-1

All equalities by definition require two different things. In 1+1=2, we presume that 1=1.

However, although the two different 1's in 1=1 can either refer to a single object or two objects which we consider similar, we demand they have to refer to two different objects in 1+1. We don't count the same object twice.

Although we agree to ignore/ not consider the differences between the two entities in 1+1 to treat them as similar, we don't really stay true to our own conditions. We make use of those differences to be able to tell the two things apart. It's like saying 'the differences don't matter at all — the two things are similar', while also saying 'come on, we all know that they are different things' . We are simultaneously aware and not aware of the differences.

The concept of '2' require similar-different objects, and such can only exist in our subjective perception.

I would love to know your opinion regard this.

Read my argument in detail here: Math is Subjective

1
  • Comments are not for extended discussion; this conversation has been moved to chat.
    – Geoffrey Thomas
    Commented Oct 20, 2021 at 16:08

3 Answers 3

1

All equalities by definition require two different things. In 1+1=2, we presume that 1=1.

No, they don't. In particular, equivalence relations are defined to be reflexive, allowing you to equate an object with itself. For this reason, the fact that 1=1 follows from the definition of =. Also, the "equality" relation denoted by "=" is generally defined to relate each element of a set only to itself and not to any other elements, as opposed to other equivalence relations which may be defined less strictly.

However, although the two different 1's in 1=1 can either refer to a single object or two objects which we consider similar, we demand they have to refer to two different objects in 1+1. We don't count the same object twice.

It does not make sense to talk about "two different 1's," because "1" does not refer to a physical object, like an orange, rather it refers to an element of a set, usually the multiplicative identity of a ring. It is a simple exercise to show that the multiplicative identity of a ring is unique, so we can be sure that the symbol "1" refers to the same thing each time it appears. This is important, because it would not really make sense to write mathematical expressions in which we use a certain symbol multiple times, with it meaning different things each time.

2
  • So the "two different 1's" can refer to the same object in 1+1? Your answer doesn't explain why we don't allow ourselves to count the same ring twice, because, a ring wouldn't lose its 'multiplicative identity' after it has been counted once. Commented Oct 20, 2021 at 9:20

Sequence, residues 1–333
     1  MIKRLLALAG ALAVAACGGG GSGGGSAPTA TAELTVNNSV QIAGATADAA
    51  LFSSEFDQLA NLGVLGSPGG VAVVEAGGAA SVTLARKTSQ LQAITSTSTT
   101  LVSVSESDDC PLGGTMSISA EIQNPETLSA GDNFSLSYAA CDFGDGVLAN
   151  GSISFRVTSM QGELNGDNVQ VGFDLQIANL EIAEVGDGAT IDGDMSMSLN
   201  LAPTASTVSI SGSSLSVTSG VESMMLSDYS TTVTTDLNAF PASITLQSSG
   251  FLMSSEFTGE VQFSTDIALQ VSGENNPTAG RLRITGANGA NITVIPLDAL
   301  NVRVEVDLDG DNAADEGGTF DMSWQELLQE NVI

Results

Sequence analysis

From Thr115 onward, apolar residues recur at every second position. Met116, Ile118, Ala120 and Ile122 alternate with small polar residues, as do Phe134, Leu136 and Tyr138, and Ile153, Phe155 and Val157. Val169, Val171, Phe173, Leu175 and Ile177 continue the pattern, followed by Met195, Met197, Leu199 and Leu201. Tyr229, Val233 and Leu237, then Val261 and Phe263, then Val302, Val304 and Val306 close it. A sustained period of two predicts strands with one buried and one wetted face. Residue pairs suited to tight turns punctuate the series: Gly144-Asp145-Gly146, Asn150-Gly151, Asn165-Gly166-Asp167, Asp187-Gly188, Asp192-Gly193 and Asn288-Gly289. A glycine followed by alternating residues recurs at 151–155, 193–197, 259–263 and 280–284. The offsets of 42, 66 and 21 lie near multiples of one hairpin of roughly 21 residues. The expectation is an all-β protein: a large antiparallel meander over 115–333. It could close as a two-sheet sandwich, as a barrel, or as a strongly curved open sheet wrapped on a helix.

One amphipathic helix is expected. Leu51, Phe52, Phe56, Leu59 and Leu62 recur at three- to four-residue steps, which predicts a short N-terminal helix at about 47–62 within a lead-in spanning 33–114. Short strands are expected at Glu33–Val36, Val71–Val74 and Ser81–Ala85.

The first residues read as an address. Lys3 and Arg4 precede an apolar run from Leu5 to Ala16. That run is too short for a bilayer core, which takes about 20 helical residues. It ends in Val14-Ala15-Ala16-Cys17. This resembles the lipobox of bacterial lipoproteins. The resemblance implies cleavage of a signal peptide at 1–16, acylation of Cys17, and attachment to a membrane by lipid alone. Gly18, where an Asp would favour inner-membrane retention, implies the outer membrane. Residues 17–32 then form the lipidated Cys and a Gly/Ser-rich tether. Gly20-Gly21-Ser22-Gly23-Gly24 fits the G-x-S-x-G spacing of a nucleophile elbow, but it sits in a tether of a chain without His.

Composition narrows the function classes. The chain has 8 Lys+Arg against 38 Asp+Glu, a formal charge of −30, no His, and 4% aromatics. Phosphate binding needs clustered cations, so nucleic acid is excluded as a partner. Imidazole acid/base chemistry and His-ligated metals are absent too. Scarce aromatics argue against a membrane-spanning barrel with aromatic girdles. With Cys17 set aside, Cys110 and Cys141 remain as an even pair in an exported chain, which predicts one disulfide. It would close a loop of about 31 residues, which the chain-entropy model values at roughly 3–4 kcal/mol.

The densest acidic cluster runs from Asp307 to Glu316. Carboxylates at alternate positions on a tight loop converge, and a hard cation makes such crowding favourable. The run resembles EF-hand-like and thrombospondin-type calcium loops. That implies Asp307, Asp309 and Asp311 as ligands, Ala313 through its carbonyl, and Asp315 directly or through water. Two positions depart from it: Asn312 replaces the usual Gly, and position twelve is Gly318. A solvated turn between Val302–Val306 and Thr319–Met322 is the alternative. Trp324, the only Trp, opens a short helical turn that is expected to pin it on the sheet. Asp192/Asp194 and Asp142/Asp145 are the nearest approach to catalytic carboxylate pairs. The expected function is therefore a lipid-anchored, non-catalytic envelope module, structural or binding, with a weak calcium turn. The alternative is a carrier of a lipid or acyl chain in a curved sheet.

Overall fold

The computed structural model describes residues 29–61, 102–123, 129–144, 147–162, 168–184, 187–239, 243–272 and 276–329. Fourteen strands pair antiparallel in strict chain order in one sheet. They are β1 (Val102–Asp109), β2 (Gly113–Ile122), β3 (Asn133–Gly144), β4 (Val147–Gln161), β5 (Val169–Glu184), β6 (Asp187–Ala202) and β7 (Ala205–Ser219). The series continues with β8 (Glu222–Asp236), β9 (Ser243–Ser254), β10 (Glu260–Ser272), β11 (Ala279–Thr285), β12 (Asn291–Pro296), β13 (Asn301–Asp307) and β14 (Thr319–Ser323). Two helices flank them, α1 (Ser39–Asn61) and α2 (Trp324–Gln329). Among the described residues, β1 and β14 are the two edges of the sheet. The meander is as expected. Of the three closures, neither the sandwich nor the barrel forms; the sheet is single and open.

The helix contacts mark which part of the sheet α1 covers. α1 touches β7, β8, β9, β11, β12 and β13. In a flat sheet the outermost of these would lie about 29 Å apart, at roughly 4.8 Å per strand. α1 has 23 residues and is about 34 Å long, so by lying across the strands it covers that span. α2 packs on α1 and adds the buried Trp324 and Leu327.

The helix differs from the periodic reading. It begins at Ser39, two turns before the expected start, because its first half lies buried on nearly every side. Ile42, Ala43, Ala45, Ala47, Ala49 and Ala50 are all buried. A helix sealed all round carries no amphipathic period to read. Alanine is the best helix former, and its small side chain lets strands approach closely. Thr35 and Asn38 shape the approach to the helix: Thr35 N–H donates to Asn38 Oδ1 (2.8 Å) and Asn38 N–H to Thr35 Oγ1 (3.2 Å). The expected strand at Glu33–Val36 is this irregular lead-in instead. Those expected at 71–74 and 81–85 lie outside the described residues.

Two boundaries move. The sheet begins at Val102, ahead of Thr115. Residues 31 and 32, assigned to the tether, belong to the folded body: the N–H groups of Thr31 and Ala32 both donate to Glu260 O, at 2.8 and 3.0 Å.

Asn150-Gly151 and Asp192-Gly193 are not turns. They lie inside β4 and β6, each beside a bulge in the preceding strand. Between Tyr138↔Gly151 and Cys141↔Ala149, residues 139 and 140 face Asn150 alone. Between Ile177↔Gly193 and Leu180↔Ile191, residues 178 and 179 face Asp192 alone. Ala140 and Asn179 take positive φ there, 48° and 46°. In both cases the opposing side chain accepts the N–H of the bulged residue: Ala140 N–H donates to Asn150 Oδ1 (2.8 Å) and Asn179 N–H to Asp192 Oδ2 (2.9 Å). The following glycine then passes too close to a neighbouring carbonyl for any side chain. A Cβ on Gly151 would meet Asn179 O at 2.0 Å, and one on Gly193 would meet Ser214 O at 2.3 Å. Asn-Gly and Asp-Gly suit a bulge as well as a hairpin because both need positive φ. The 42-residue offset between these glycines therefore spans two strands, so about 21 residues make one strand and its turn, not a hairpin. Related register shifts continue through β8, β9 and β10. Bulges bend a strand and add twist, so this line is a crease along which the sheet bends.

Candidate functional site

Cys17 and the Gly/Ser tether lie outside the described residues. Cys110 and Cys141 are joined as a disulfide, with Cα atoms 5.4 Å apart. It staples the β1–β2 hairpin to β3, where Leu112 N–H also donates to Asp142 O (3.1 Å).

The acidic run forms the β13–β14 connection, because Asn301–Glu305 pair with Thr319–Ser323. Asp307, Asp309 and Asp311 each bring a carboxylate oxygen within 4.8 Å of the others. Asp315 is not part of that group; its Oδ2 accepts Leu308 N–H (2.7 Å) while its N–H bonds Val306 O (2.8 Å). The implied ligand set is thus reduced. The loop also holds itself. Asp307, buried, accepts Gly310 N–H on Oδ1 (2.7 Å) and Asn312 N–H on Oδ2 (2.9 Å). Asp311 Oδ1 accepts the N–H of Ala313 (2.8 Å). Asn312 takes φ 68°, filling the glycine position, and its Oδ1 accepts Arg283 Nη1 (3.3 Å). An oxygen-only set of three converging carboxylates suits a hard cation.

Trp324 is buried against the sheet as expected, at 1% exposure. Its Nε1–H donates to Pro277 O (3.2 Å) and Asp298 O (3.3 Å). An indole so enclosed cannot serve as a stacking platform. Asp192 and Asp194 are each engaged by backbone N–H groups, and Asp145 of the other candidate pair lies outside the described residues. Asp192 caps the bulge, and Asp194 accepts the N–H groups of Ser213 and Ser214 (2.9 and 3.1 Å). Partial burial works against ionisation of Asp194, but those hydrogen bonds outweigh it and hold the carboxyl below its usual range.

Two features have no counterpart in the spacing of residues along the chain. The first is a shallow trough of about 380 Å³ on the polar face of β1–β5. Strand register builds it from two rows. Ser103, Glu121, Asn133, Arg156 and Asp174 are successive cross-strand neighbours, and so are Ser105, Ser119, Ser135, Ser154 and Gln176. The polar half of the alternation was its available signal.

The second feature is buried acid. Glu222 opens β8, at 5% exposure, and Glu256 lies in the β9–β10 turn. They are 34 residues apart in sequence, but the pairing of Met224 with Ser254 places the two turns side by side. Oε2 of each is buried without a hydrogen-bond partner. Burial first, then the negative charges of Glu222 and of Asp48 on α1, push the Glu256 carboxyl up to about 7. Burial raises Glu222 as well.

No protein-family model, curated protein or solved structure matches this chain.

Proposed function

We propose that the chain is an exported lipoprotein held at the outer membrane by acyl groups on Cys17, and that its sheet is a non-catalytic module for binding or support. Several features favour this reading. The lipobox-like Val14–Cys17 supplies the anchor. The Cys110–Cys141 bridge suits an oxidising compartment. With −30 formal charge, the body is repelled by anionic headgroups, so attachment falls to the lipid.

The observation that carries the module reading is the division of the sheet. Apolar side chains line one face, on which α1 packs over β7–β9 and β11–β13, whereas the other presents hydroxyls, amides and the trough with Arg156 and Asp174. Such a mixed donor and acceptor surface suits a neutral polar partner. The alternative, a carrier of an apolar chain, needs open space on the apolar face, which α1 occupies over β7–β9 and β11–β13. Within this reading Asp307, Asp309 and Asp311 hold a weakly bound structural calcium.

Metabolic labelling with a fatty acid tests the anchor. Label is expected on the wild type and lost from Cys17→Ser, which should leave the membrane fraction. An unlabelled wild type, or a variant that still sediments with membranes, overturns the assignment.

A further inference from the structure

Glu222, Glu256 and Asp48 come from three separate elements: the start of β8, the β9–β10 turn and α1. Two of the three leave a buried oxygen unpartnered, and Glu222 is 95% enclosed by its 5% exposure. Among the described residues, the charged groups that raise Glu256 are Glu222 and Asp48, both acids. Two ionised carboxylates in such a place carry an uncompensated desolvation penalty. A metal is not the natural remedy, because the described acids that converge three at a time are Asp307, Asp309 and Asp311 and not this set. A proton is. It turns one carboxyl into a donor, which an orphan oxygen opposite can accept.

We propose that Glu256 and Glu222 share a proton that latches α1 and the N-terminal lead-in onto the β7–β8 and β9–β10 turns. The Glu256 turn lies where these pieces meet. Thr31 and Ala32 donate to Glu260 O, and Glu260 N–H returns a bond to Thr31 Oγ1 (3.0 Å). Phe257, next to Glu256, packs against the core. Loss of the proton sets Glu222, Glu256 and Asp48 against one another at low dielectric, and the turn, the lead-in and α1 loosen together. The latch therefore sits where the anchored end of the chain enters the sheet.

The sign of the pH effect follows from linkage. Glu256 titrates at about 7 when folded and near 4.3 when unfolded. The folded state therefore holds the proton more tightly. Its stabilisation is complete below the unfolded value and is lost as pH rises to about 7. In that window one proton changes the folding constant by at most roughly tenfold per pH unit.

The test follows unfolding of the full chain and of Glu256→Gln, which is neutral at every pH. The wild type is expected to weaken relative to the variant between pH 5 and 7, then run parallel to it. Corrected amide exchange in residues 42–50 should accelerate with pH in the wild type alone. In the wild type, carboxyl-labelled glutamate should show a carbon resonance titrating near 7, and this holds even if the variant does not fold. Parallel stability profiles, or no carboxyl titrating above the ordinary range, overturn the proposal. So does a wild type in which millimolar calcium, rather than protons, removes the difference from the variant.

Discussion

• @SameeraBandara Not only can the "two different 1's" refer to the same object, they must refer to the same object, else the symbol is not well defined. I'm not really sure what you mean by "count the same ring twice," since I have say nothing about counting rings. When we write the expression 1+1, we are saying that we have defined a binary operation on, for instance, a ring R (or perhaps some other algebraic structure) +(·,·):R×R→R, and we referring to the output of the operation + for the inputs 1,1. 1+1 is addition, not counting.
    – Sandejo
    Commented Oct 20, 2021 at 19:04
0

This question deals with the difference between two distinct concepts:

  • Identity: Two symbols refer to the exact same object
  • Class equivalence: Two symbols refer to two different objects of the same class

In other words, if I have a red playground ball, it is 'identical' to itself, but it is 'equivalent' to every other object in the class 'red playground balls'. We use the equals sign '=' to indicate both identity and class equivalency in mathematics (in logic, we use the triple-bar '≡' to represent identity), because it's generally understood in math that we're dealing with abstractions where the difference between identity and equivalency is mostly irrelevant. Thus when we say "1+1=2", we are implicitly saying "one object of class X with one (different) object of class X is equivalent with two objects of class X". It doesn't matter if the two objects on the left side are the same as the two object on the right side — on this level of abstraction the nature of the objects doesn't matters as long as they are all of the same class — but there still has to be two distinct objects on each side, because we can't add an object with/to itself.

The concept of '2' doesn't rely on sense perception: it's easy enough to say that one purple unicorn plus another purple unicorn is two purple unicorns. But it does rely on the concept of class membership, because if there are no classes of things, then there is only one of everything we see (and possibly only one non-dual thing that is the undivided form of everything).

0

the two different 1's in 1=1 can either refer to a single object or two objects which we consider similar

No, the two 1's in 1 = 1 both refer to exactly the same thing, namely, the numerical value. There is only one numerical value denoted by the symbol '1'.

we demand they have to refer to two different objects in 1+1. We don't count the same object twice.

No, in 1 + 1, the two 1's refer to exactly the same thing, namely, the numerical value.

If we said one bat plus one bat equals two bats, the two occurrences of 'one' would still refer to the same thing, namely, the unique numerical value. The two bats have to be different, though, but this is implied.

Arguments to be logical have to eschew equivocation and fuzziness.

You must log in to answer this question.

Not the answer you're looking for? Browse other questions tagged .